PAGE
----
What was once a police substation on Belgrove Drive will, within months, be officially transformed into a new Kearny Health Department community annex, bringing more, much-needed healthcare access to the southern end of town and East Newark.

While the property has been used for events like food distribution and more, it will become much more than that once the project is completed in about a year, according to the town.

Last week, Jeff Schlecht, senior project manager of the firm RSC Architects, Hackensack, was at Town Hall to explain the project.

“The annex will provide supplemental health services to the local community — testing, inoculations, food distribution and seminars, so it’s small, one-story facility to supplement everything else going on.”

Schlecht says the new facility will be in the same spot of the old police substation that was built in the late 1990s. The parking lot on the other side of the property will not be affected, though the annex will include four spots for employees and visitors.

The existing trailer will be removed to make way for a 1,500 square foot “square” building with a vestibule for reception, a meeting room big enough to accommodate up to 41 people, two consultation (exam) rooms, a restroom and a small office area with workstations for employees.

As part of the design, the sloped roof will include solar battery backup power — a Tesla power wall — that will keep the building functioning with the building’s essentials, such as refrigerators, computers, etc., if there is a power outage. The building, itself, will have partial solar power.

A digital sign board will be also be placed on the property.

The tent, used now mostly for food distribution, will remain in a similar spot and for the same purpose.

And even better news? The project is ready to go.

“We’re ready for bid,” Schlecht said. “We expect an early award for spring construction, about nine months’ duration for the contract for construction which puts us toward the end of the year (2024) for final construction. The estimated cost, we have it at $887,000 with some (Community Development Block Grant) funding that’s going to offset that (price).”

Town Administrator Stephen Marks took that one step further, noting 100% of the project will be paid for by federal CDBG funding and administered by Hudson County. The initial allocation of $700K was bumped, he said, to “well over $1 million,” to cover all costs for the annex.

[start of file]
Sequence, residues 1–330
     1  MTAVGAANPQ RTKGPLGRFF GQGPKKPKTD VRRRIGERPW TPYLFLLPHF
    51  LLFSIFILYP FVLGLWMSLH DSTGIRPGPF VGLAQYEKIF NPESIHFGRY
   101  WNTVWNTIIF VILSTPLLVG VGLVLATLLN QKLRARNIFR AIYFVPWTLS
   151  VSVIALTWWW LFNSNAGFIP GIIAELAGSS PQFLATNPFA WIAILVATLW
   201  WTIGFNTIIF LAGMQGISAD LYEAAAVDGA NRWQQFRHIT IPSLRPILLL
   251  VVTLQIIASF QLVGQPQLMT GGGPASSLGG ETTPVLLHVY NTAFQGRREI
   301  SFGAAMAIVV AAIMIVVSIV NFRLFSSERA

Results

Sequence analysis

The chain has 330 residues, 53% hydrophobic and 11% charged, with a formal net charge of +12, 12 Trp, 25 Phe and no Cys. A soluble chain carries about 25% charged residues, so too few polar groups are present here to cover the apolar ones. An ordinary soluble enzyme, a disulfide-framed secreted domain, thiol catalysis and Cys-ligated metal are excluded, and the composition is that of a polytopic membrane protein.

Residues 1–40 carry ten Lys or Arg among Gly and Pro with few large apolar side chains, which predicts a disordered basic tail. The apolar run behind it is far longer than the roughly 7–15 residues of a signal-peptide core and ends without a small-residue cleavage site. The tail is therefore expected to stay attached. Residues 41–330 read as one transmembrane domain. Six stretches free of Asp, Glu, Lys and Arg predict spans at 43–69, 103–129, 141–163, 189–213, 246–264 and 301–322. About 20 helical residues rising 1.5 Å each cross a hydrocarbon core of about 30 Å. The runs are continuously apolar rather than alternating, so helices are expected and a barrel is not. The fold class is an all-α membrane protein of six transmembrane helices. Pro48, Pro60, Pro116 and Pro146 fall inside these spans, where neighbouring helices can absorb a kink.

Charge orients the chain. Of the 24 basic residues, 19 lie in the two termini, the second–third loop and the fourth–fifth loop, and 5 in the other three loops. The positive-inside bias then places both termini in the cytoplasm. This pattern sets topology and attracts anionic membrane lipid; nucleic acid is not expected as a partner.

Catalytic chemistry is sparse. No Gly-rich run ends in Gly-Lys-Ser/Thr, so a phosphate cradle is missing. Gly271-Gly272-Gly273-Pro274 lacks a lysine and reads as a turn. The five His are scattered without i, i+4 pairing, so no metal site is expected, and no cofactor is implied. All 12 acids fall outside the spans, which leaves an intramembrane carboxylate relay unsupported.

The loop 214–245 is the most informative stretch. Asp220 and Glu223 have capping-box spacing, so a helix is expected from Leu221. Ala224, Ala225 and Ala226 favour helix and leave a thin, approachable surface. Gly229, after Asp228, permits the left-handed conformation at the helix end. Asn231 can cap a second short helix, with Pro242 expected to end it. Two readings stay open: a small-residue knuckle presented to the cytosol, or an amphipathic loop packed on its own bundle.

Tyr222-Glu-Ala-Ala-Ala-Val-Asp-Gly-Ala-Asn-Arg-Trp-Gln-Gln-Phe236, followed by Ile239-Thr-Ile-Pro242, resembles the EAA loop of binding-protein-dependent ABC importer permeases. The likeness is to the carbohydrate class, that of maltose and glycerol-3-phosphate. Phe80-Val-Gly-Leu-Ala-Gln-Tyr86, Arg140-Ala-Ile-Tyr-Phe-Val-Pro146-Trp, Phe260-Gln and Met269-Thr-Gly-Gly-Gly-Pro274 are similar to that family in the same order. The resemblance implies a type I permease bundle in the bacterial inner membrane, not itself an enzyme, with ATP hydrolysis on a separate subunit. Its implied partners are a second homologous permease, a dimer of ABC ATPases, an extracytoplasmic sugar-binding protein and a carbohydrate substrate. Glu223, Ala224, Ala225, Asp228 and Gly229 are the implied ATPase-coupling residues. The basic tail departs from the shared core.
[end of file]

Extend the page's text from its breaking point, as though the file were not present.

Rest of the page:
Not a penny of taxpayer money will be used.

First Ward Councilman George Zapata, who represents the First Ward, where the annex will be located, seemed excited for the prospect of the coming project.

“I just want to say thank you for all the work you did in putting this together,” Zapata said. “It’s kinda crazy to think of how fast the year has flown when this project was first being discussed and when we first all met at the current substation to figure out a way to best utilize that space without infringing on parking that’s vital to that area … and touching on the renewable-energy option.

“I’m very happy to see that those solar panels are going to be there as well as the option for that backup generator.”

Zapata also thanked Health Director Annie McNair for her hard work leading to this day.

Meanwhile, First Ward Councilwoman Marytrine DeCastro wanted to ensure the equipment to be used for the project wouldn’t be left overnight and on weekends, thus taking away precious parking spaces.

“We think most of the work can be done without negatively impacting the parking.” Schlecht said, noting there could be some minimal disruption to parking at the beginning of the construction phase. The town’s consulting engineer Michael Neglia said the contractors will be required to put in writing the prohibition of  parking on the property by the workers.

Mayor Carol Jean Doyle was, like Zapata, appreciative of McNair’s efforts and thensome.

“I know many residents of the First Ward don’t drive,” she said. “This is a big boost to the First Ward. Good job, (Jeff.)”

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Kevin A. Canessa Jr. is the editor of and broadcaster at The Observer, an organization he has served since 2006. He is responsible for the editorial content of the newspaper and website, the production of the e-Newspaper, writing several stories per week (including the weekly editorial), conducting live broadcasts on social media channels such as YouTube, Facebook, and X, including a weekly recap of the news — and much more behind the scenes. Between 2006 and 2008, he introduced the newspaper to its first-ever blog — which included podcasts, audio and video. Originally from Jersey City, Kevin lived in Kearny until 2004, lived in Port St. Lucie. Florida, for four years until February 2016 and in March of that year, he moved back to Kearny to return to The Observer full time. Click Here to send Kevin an email.